After the death of his parents, Harry's Aunt Petunia and Uncle Vernon Dursley reluctantly take their nephew in and treat him with less dignity and affection than a family pet. While the couple spoil their own son, Harry is denied simple things such as birthday gifts (he gets only discarded and broken hand-me-downs) or a decent place to sleep.

In contrast, Baranek cited the Torah portion in which Abraham and Sarah welcome into their tent three wanderers who turn out to be angels.

``We talked about honoring one another, ohev zeh et zeh and what makes people love one another. What's makes Harry love and honor his mother, even though she is not there. I asked them, `How do you show love? How do you act?' . . . . Using Harry Potter to teach Jewish values is a great example of what's current that kids can relate to.''

A year and a half ago, Emily Rosenstein of Miami Beach started reading Harry Potter with her two older children, Mitchell, 9, and Erica, 11. Now she has read all four books.

``There are good values in the story that can be applied to anything,'' Rosenstein said. ``They are not Jewish values per se. It sends the message that when you do a mitzvah, good things happen. When you are bad and dishonest, it doesn't matter how much money you make, bad things will happen. It reinforces the values you would expect to find in any good moral person. Just because Harry's aunt and uncle adopt him, it's not a mitzvah because they aren't doing it with their hearts. A mitzvah can be tiny or big, but it must be done with heart.''

For the first 10 years of his life, Harry accepts his misery. Once he begins to stand up for his rights, everything else falls into place. It's another religious message, she said.

``God will only help you if you do something to help yourself. Until Harry starts fighting for himself, nothing good happens to him. If you sit back and say, `God will save me,' it will never happen,'' she said.

Because of its use of witchcraft, Harry Potter has been called controversial. In Duval County, a parent asked that the book be removed from school libraries. This month, a committee of teachers, librarians and parents recommended to the North Florida county's superintendent of schools that Harry Potter remain on school library bookshelves. Until a decision is made, children in Jacksonville and surrounding cities must get permission from their parents before checking out the book.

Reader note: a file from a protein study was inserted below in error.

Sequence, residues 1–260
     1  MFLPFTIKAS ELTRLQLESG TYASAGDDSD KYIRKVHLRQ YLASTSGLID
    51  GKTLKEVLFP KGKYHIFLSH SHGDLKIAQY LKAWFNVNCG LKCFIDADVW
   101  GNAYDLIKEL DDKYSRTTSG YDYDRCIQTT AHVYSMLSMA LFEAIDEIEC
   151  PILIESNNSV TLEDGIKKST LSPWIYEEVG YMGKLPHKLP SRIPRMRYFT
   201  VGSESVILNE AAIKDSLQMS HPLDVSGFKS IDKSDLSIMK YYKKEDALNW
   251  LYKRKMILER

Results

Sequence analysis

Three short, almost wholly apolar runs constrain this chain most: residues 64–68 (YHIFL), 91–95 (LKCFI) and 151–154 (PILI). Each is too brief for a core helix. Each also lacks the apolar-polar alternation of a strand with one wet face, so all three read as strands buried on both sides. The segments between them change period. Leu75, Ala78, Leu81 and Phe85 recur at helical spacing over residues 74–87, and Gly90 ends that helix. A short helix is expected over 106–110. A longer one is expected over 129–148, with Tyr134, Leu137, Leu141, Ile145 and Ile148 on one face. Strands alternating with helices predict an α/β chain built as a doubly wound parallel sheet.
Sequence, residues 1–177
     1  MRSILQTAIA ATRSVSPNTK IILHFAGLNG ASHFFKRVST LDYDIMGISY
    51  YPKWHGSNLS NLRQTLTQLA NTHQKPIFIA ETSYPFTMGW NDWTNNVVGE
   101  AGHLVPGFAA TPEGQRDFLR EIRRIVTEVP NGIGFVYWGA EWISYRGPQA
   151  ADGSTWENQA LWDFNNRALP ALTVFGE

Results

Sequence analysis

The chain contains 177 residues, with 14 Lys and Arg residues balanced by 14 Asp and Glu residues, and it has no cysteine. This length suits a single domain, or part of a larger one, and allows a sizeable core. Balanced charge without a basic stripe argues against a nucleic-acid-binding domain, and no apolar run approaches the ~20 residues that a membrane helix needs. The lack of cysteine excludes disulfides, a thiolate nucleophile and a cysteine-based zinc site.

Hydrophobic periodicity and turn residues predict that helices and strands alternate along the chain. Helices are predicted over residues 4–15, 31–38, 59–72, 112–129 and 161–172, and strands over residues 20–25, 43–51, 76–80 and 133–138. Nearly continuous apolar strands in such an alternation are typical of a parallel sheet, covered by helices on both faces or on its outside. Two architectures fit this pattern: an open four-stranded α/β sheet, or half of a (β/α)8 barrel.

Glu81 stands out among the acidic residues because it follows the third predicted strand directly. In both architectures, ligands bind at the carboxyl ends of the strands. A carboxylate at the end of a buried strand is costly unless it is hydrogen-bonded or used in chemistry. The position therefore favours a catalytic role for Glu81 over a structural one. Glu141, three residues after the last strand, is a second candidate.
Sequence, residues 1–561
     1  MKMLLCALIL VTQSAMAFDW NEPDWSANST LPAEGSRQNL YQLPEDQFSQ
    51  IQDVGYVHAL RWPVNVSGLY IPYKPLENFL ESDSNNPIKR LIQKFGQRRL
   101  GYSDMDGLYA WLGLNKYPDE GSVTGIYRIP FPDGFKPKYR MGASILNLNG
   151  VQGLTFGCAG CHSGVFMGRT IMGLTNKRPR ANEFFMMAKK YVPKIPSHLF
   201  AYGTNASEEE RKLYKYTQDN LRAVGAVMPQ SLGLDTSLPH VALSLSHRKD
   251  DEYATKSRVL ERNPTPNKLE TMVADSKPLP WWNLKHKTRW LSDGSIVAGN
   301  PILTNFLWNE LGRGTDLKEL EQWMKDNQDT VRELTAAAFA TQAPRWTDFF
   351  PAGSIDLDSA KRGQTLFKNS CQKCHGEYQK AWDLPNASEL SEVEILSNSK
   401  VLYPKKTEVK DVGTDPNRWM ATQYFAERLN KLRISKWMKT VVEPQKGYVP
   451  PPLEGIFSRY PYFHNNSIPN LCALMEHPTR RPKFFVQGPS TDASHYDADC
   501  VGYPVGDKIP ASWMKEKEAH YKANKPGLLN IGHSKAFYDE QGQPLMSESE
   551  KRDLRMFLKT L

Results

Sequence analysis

B'nai Israel's Estrin, who used to work in the Broward County public library system, has read all four books in J.K. Rowling's Harry series. She is not surprised by the attempt to censor the book, but believes it is an ignorant response.

``A lot of the best works of literature create controversy. Stirring literature is not all sugar and tea parties. I wonder if those complaining have actually read the book. If you really read it, you will see that Harry uses magic for good. The story contains bad wizards and witches who use witchcraft for evil, but they are clearly presented as bad guys. The good guys only use magic in positive ways and don't want to hurt anyway. Anyone who says the book is teaching children witchcraft is missing the point of the story,'' she said.

While Rowling's characters possess supernatural abilities, Rabbi Yonason Goldson said the book does not advocate the use of witchcraft.

``Universal, ethical values are portrayed beautifully throughout the series,'' said Goldson, a St. Louis rabbi, teacher and fan of the Harry series. ``Most of the values that we take for granted today are based in Judaism.''

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This page created and maintained by Heidi Estrin, Last updated November 15, 2001.